Surfing the World Wide Waves (WWW)

Bittorrent technology

When the World Wide Web was still young peer to peer sharing played an important role in the sharing of big files. Podcasts, videos and music could be shared as long as a group of people were seeding bits of the entire file.

Bittorrent technology

Bittorrent is an interesting technology for those interested in peer 2 peer. Whereas the conventional peer to peer system takes files from computer Ato computer B bittorrent takes data from computer A and distributes the data far more effectively. It is based around packet switching as are most programs but the packets take a different form. Bit torrent files are split into small packages which can be downloaded independently from one another. Imagine that you would like to download my lakeparade video for example. As you're downloading the file from the server you have to download it from beginning to end.

Bit torrent technology takes a file and creates a quantity of small packets or bits. As one packet is made available by one peer you make a request to download that packet. As you leech(download) files from the users you also begin to share(seed) these files with them. This means that you may have ten to twenty people sharing the same video file and each one has certain bits of that file. As the download progresses and the parts are collected you begin to get the whole, in other words a file that you can play on the computer. To explain this technology imagine that your file is a deck of cards. In order to play you need all the cards. The order of the cards (bits) is not important, simply that you get all the cards from that deck (file). Once all the files are collected you can watch the file which you have taken the time to download.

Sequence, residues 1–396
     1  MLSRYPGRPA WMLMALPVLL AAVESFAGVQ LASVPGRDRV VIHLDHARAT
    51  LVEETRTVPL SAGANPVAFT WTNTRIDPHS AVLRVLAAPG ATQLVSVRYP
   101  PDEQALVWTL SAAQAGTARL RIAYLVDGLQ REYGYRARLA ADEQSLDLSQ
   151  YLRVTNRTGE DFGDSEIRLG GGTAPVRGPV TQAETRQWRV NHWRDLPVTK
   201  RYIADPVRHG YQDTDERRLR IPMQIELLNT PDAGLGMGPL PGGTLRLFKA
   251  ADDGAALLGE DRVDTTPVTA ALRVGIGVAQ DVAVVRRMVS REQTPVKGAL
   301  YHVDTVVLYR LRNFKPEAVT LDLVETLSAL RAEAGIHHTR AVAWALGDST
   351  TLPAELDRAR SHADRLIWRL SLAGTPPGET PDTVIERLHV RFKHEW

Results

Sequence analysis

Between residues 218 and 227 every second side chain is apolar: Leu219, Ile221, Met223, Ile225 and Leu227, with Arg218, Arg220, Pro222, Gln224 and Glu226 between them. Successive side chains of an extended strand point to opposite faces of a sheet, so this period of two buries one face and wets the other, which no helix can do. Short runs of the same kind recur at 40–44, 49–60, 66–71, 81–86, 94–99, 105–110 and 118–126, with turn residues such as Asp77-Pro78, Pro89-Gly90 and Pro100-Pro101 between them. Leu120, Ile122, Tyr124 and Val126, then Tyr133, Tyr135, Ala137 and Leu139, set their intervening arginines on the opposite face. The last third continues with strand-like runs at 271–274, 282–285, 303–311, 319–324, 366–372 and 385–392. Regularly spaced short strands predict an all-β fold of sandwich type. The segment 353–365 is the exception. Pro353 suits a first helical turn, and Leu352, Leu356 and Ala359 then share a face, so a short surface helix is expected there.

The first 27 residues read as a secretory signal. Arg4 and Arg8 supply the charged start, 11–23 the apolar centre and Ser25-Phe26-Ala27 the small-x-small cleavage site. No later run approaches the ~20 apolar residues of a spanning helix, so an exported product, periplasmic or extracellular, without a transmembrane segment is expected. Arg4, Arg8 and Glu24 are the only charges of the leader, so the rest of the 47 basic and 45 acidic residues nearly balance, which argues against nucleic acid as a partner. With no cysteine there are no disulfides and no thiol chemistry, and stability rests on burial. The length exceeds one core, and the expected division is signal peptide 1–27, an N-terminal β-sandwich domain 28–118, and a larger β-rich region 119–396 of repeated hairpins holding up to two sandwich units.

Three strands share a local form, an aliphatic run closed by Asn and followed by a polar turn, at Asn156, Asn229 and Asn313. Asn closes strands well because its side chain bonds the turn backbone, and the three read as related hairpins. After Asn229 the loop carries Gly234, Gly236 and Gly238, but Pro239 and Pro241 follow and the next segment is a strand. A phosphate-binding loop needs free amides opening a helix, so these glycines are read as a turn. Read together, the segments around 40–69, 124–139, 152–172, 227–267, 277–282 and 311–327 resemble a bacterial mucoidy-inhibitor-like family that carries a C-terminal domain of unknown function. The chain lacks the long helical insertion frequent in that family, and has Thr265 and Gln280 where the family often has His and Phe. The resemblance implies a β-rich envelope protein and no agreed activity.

This technology is interesting because you are no longer dependent on a single person's connection but rather a collection of connections. You may be downloading from one person at 200 bytes per second and from another person at 6Kbs for example. If you've got a fast connection then you may be using your bandwidth far more efficiently than with programs like Kazaa etc.

Articles by Richard Azia unless otherwise indicated.

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